July 21, 2022 | David F. Coppedge

Politicians Overplay Climate Science

With hype exploding around the internet, there has never been
a bigger need to understand the limitations of science


After President Biden’s speech yesterday, in which he called climate change a “crisis” and an “emergency” and threatened to use his executive power to bypass Congressional inaction to make unilateral decisions, opinions have been flying all over the internet. Big Science and Big Media, as expected, fall in line with the “crisis” talk, some thinking Biden didn’t go far enough. Conservative commentators laugh at the doomsday “cult” and say that its real aim is to give global leftists and socialists more control for redistribution of wealth. In a sparse middle ground are a few scientists and reporters who think climate change is real but not the catastrophe that is usually described.

Climate crisis talk is dividing the country, but to the general public, the subject ranks low on their list of concerns (e.g., BBC News, 29 June). Polls show top concerns are about inflation and the cost of living: food, gas, and everything else.

The key to informed opinion about climate is to understand the limitations of science. Every week, new findings come to light that question the models used to characterize climate trends. To those reckless reporters shouting “science denier!” at anyone failing to kowtow obediently to the consensus and its doomsday alarmism, we remind readers that uninformed opinion is the definition of prejudice. One cannot be informed by reading only one side of a controversial issue.

Keep in mind several principles of reason known to philosophers and historians of science:

  • Correlation is not causation.
  • Climate is different than weather. There have always been weather extremes.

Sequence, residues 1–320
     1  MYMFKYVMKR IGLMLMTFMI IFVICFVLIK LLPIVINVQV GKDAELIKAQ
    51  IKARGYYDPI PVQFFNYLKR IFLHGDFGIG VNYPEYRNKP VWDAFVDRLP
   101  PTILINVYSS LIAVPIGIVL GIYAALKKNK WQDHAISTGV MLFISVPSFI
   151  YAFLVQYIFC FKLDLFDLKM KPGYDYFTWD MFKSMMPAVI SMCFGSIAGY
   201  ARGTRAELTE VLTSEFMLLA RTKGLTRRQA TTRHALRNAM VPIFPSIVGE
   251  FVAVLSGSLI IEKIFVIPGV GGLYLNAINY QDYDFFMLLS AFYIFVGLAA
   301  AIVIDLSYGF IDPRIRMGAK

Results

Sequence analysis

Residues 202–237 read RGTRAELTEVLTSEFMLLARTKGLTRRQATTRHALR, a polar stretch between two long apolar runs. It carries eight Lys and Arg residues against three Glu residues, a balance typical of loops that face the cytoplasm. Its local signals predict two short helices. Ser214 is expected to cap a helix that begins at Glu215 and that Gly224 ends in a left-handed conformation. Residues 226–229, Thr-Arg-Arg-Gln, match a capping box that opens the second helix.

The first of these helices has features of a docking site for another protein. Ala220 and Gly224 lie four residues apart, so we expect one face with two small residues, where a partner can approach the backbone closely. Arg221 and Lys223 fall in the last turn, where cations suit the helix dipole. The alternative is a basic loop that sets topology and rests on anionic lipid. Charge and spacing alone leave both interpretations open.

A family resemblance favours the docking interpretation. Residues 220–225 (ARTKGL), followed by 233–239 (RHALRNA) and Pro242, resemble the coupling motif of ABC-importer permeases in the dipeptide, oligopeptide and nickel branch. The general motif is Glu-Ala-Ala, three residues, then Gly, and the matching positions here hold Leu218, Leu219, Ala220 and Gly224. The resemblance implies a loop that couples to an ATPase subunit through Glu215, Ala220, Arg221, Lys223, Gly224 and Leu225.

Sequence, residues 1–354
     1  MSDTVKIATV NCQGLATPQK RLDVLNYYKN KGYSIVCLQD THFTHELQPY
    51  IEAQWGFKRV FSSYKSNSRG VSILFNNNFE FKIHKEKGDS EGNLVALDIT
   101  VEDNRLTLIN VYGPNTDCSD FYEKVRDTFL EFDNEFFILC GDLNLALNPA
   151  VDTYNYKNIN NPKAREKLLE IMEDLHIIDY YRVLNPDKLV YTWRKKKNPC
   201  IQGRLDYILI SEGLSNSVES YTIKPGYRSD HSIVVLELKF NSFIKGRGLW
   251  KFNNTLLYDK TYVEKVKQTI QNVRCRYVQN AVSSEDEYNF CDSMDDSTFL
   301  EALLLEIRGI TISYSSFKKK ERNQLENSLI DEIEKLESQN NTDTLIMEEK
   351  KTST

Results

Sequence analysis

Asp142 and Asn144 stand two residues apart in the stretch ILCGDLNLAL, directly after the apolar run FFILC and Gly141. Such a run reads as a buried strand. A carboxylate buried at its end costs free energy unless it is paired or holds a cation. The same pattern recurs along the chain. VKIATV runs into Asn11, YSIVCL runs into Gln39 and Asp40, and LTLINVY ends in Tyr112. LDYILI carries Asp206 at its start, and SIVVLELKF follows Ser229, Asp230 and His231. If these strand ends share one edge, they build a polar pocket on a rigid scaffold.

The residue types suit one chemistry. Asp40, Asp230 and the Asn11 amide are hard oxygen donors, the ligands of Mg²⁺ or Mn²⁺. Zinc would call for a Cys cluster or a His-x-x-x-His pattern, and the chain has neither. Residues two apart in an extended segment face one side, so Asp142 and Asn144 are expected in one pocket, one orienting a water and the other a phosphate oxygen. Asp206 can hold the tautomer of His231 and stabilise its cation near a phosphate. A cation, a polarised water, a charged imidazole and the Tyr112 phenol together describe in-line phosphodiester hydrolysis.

• Models are only simplifications of reality, not reality itself.
  • Model reliability is inversely proportional to the number of inputs and unknowns.
  • Predictions made from models cannot exceed the reliability of the models (see Extrapolation).
  • Predictions of what might happen after the forecaster is dead should be viewed with suspicion.
  • Man’s role in changing climate is a separate question from climate change itself.
  • Proposed solutions can be worse than the problem.
  • To avoid being hoodwinked, follow the money.

There has never been a more important time to think clearly than now, when reporters are jumping to conclusions based on simplistic claims made with emotional rhetoric. In the interest of replacing heat with light, we offer the following data and interpretations made in recent scientific papers and research projects. But first, a lesson from history. This newspaper clipping that has been circling social media shows what the UN was saying in 1989 (compare with the “Population Bomb” prediction; see 26 April 2019).



Calming Thoughts

Why is climate ‘doomism’ going viral – and who’s fighting it? (BBC News, 23 May 2022). The BBC is strongly in support of the climate consensus and of all the policy changes that global experts claim are necessary. But Marco Silva, the BBC’s “climate disinformation specialist,” explains why climate doomism is wrong and dangerous. “Climate doomism is the idea that we are past the point of being able to do anything at all about global warming – and that mankind is highly likely to become extinct,” he writes. “That’s wrong, scientists say, but the argument is picking up steam online.” So from here on out, let’s stay calm and rational.

Global warming may not be as bad for animal reproduction as thought, study suggests (University of Aberdeen, 11 July 2022). Most scientists realize that the earth has experienced warm periods before, but an often-voiced concern is that global warming is happening so fast that animals can’t evolve fast enough to adapt. This article suggests otherwise. “Our results suggest that climate change may not have as detrimental an effect on animal reproduction as we might assume,” the authors say, pointing to flaws in previous studies’ methods. “Contrary to what we expected, our main finding is that animals are more likely to mate with each other at higher temperatures.” So bring on the global warming?